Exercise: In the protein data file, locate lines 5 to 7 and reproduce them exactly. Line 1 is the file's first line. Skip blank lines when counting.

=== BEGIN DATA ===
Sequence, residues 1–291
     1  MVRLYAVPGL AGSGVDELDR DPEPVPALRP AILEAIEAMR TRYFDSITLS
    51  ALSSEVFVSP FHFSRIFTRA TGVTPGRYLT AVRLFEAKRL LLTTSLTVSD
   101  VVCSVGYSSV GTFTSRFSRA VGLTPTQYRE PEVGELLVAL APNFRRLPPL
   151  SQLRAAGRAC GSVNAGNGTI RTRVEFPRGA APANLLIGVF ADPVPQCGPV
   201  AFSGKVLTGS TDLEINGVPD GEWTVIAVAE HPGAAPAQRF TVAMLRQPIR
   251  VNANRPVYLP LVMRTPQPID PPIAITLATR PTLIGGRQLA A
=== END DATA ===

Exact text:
   151  SQLRAAGRAC GSVNAGNGTI RTRVEFPRGA APANLLIGVF ADPVPQCGPV
   201  AFSGKVLTGS TDLEINGVPD GEWTVIAVAE HPGAAPAQRF TVAMLRQPIR
   251  VNANRPVYLP LVMRTPQPID PPIAITLATR PTLIGGRQLA A